Along with the aforementioned demos, we did full-band demos of ten songs in December 2014, which we used to write vocals and clean up some arrangements and performance issues (two of these songs we ended up cutting from the final tracklist). We learned 4 more songs in 2015, so I don’t think we have any full-band demos of those, except for maybe some very crude practice space recordings that we made on someone’s phone or something.

Overall, there’s a LOT of demo material for this record, both because of the volume of the material and because we really wanted to get it right. I don’t think any of us had done this much background work for a record before, and looking back I’m a little surprised at how much there was. The sound of the record is very immediate, especially by the standards of what other bands in this space are doing right now, but there is a huge amount of work backing up those relatively raw-sounding recordings.

Is the dynamic flow of the pieces carefully architected?

Interesting question. I think at the level of the song, yes, the structure of each song got a lot of careful consideration. But the tracklist of the whole album is pretty close to the order in which we learned the songs! We didn’t realize that at the time, but that’s probably why it just made intuitive sense to us. In that respect, listening through the album tells the story of creating the music. Sort of. (laughing)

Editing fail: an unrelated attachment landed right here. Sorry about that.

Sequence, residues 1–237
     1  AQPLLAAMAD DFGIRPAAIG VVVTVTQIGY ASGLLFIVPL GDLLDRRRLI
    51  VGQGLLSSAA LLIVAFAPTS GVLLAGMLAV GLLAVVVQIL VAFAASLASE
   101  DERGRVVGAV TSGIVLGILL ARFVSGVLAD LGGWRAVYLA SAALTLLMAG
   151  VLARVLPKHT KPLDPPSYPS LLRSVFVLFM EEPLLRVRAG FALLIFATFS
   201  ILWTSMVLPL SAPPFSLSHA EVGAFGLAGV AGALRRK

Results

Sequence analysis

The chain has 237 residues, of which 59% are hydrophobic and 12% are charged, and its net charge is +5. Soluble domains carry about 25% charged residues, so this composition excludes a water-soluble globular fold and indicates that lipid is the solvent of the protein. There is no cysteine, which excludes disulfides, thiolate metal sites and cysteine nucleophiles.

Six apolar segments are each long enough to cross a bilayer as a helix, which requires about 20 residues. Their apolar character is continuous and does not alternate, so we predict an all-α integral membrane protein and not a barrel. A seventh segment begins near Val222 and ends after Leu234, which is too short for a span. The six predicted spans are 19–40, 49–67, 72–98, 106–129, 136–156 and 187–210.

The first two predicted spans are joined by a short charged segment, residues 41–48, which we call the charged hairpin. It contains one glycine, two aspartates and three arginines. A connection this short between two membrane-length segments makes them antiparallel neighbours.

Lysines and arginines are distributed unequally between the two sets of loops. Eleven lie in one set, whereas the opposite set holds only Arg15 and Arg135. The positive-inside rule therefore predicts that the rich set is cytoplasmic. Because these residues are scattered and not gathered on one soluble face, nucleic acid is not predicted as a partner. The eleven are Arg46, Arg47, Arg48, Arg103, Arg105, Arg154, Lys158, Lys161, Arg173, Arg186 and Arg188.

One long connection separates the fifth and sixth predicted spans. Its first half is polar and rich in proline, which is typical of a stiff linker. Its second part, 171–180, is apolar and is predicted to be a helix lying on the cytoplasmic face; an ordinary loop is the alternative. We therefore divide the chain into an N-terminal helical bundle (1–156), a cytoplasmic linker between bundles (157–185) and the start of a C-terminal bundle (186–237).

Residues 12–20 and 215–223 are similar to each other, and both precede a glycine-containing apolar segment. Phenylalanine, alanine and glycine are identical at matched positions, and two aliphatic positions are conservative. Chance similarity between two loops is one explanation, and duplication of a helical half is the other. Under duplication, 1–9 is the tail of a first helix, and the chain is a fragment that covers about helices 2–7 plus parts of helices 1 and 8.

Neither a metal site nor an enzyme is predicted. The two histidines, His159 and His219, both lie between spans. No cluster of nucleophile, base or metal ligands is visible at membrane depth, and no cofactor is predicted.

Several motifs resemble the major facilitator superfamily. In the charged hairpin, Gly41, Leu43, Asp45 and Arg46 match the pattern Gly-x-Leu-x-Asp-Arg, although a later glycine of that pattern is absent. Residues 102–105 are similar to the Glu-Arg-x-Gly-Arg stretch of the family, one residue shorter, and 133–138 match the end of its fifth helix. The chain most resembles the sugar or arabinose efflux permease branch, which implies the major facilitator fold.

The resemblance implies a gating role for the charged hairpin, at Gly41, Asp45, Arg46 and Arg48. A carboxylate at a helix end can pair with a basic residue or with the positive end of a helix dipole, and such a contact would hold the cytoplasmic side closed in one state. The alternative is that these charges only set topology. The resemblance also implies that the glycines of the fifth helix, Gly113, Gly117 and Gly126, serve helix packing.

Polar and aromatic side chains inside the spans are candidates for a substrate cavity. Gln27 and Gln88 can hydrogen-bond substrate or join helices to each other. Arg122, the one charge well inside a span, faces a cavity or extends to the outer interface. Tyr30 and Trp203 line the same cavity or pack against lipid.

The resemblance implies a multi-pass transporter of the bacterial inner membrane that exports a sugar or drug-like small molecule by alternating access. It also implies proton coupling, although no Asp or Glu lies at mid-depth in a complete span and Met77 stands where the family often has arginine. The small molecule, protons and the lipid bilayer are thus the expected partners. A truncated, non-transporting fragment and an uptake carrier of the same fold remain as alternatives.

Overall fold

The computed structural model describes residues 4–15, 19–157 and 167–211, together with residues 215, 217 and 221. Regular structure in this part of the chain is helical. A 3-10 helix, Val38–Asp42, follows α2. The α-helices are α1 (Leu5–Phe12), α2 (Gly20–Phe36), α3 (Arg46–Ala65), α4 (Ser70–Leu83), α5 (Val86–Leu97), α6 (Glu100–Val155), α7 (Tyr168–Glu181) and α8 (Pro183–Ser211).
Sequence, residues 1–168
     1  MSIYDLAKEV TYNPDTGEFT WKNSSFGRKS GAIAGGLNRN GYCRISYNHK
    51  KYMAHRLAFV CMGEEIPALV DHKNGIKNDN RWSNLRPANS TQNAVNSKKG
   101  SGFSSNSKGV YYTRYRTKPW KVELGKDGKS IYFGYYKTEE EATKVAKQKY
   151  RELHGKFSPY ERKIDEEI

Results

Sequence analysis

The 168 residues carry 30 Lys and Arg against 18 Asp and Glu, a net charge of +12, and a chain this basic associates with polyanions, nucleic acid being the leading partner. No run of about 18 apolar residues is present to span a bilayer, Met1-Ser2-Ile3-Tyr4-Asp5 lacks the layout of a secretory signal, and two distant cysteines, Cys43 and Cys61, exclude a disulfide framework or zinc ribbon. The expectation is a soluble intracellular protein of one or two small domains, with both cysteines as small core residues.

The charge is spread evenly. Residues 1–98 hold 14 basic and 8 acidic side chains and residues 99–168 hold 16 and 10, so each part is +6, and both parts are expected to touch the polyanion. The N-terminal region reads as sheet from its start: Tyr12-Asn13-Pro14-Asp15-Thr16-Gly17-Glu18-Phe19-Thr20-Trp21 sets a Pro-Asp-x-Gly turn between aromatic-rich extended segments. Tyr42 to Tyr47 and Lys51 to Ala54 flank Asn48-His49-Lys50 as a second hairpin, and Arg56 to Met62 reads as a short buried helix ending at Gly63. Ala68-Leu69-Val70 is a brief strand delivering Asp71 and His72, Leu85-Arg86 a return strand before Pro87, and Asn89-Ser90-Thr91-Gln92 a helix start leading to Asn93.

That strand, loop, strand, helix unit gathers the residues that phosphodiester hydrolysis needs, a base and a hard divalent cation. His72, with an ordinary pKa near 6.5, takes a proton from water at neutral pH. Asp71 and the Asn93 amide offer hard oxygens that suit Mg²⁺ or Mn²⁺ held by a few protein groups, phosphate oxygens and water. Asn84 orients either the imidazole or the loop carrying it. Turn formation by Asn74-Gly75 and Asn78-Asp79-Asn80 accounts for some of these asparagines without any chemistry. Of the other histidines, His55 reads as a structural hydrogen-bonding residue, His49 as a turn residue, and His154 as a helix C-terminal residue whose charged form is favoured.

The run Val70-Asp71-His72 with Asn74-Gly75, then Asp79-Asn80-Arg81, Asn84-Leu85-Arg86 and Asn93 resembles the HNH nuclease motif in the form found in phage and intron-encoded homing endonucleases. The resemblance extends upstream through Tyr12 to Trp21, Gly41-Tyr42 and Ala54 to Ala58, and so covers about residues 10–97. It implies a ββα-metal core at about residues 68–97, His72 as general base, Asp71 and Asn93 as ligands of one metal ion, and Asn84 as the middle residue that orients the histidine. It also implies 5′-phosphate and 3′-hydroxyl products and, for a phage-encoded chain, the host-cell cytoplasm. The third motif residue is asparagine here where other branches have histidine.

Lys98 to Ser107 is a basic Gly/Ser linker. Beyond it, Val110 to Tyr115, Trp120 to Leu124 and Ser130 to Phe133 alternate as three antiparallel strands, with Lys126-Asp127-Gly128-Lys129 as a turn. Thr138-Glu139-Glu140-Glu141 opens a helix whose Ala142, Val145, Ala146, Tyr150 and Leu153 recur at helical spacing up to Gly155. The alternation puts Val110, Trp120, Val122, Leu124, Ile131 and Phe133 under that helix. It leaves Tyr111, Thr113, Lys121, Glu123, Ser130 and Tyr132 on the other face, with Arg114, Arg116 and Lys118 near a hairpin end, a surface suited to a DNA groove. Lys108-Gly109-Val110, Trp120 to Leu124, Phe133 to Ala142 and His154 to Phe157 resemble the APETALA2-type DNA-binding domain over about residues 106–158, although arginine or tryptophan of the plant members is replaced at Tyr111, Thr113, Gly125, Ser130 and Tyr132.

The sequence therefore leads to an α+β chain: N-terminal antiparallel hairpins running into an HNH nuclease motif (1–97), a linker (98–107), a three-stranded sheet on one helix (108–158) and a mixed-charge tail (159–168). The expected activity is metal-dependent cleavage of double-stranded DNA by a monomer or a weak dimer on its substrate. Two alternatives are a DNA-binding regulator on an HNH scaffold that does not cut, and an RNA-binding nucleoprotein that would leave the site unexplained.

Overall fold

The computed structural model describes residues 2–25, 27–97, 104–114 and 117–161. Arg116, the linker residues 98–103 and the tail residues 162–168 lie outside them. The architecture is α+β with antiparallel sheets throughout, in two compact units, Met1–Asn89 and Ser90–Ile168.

Did the environment in any way influence the vibe the album transcends?

I’m not quite sure what you mean here, but I will say this: our practice space is a dirty, bare-bones sort of a space, and we recorded the album in our practice space. So I think some of the rawness and immediacy of the record probably come from that.

A Ruined Oak was mastered by James Plotkin. How did it come down to that?

James had also mastered Terrestrial Grief and we found him both easy to work with and in line with our aesthetic. Speaking as someone who is not on that record, I think it sounds bad as fuck.

We had considered a couple of other mastering houses that our label had worked with, but a lot of their recent work had the really in-your-face sonic profile that’s been big recently in grindcore and extreme music more generally. While we love to listen to a lot of that stuff, we felt like Plotkin was going to give the record a little more room to breathe.